I've mentioned before that we don't do the whole Santa thing. Mike and I decided long ago that we didn't want him to be the center of our Christmas traditions. or anywhere near the center, for that matter. We have a good enough (more than good enough, really!) reason to celebrate, without bringing the fat guy into it. I've never understood why people make such a big deal about him. Don't we have enough crap taking the focus away from Jesus as it is? We are guilty of taking our kids to sit on his lap, but his name is never mentioned in our house after that. We'll probably just completely stop taking them to see him at all. There's no need, since they know the whole thing's a sham. Anywho, I recently came across this blog post, after someone on FB posted it to their wall. I fell in love with it, and I just had to share it. She very eloquently explains why her family doesn't participate in the whole Santa thing. Here are some excerpts from her post:
Because I'm anxious to make enemies and isolate myself from any goodwill you've ever felt toward me, let me just start with a biggie: We've pulled out of the Santa charade. Our newest kids are 5 and 8, preparing for their first Christmas in America, and we're just not doing it, yall. Maybe because we've spent the last four years trying to unravel the mess we've presented to our other kids all these years, but hear me say it: We are giving Christmas back to Jesus. Not a corner of it; all of it.
There is no fake benefactor this year my kids can petition to get more stuff. Because honestly? For a five-year-old, how can Jesus compete with Santa? Our children don't have spiritual perspective; when faced with the choice of allegience, they have a baby in a manger, or they can get a jolly, twinkling, flying character who will bring them presents. This is going to be an easy choice for them. My friend Andrew, who identifies himself as a member of the "non-believer corner" put it this way:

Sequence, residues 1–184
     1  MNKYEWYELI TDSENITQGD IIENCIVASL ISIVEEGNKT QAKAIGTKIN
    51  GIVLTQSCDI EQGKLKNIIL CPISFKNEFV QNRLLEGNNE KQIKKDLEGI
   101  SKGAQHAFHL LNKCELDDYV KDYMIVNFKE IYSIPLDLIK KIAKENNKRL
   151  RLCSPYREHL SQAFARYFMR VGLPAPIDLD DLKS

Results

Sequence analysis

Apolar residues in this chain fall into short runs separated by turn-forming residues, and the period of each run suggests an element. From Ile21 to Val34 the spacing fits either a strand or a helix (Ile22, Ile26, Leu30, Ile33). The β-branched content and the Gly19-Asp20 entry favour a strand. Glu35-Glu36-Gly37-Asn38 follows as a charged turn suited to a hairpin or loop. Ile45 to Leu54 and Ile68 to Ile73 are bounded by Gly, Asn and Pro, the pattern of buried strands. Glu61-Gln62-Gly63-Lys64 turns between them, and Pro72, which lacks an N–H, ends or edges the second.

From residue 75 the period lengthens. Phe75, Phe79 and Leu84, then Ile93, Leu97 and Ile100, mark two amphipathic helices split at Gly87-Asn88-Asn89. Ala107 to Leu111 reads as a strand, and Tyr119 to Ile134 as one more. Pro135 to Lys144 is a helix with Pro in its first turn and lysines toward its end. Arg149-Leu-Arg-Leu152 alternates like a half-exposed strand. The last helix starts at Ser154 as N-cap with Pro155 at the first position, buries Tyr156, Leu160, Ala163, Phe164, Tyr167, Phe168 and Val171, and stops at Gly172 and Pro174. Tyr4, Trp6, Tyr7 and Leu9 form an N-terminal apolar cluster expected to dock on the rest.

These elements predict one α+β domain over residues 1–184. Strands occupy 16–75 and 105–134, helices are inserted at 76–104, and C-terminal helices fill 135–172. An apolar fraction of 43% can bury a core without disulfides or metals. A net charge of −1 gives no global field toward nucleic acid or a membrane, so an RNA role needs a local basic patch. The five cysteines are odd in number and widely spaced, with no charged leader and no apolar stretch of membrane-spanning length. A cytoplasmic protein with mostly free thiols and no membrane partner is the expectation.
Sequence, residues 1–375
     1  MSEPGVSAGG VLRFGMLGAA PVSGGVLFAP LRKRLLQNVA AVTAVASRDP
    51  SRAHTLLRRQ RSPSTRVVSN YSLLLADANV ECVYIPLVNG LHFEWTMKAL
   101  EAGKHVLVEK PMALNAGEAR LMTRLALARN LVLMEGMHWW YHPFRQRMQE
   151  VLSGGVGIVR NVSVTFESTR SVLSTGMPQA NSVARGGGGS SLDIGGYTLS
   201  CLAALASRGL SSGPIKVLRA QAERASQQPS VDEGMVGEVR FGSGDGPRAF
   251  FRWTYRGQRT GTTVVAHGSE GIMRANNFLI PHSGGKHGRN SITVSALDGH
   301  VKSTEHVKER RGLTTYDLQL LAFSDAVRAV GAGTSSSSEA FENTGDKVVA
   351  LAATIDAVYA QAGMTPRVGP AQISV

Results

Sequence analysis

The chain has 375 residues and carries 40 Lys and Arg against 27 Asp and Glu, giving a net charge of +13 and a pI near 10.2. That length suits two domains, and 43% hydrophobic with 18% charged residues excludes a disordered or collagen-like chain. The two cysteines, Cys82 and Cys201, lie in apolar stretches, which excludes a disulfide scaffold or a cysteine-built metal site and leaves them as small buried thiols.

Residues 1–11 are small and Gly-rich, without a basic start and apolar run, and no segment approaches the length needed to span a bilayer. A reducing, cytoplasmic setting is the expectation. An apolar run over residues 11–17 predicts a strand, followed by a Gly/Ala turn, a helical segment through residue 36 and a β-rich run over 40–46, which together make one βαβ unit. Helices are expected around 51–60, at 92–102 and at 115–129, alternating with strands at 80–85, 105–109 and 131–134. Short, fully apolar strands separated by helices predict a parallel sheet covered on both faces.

I always thought it was strange how Christians will tell me they have this giant and awesome truth they know is true deep in their soul and want to share with me, but when 12/25 comes around they lie to their own progeny because, apparently, that giant, liberating, and awesomely simple truth is somehow just not enough. It may be a good narrative, but it needs a little something to give it some panache.
As importantly, it sets this tone for Christmas: Be good and you'll get stuff, which becomes so deeply seeded, undoing that position is almost impossible. When we teach our children to understand Christmas through this lens, then tell them at nine-years-old: "Never mind! It's all fake! Oh, and stop being so selfish because Christmas is about Jesus"...we shouldn't be surprised when our kids stage a mutiny and ask to move in with Grandma. Young parents, this is so much easier to do right the first time rather than try to undo later. Give your kids the gift of a Christmas obsessed with Jesus - and no other - when they are little, and it will be their truth all their lives.
Makes sense, right? The whole post is worth a read. We're going to adopt the tradition of giving our kids the gifts of Something you want, something you need, something to wear, something to read.
We're as guilty as the next parents of buying too much crap our kids don't need. It's over. No more. We want to instill in them values that you can't put a price on. We want our kids to look back at their childhood Christmases (is that a word?) and remember the love and the way Jesus was the center of it all. Not only at Christmas time, either. Jesus is enough for us all year round.
Remember the advent calendar I posted about? We've been doing it each night, and it's a HUGE hit! The kids love it!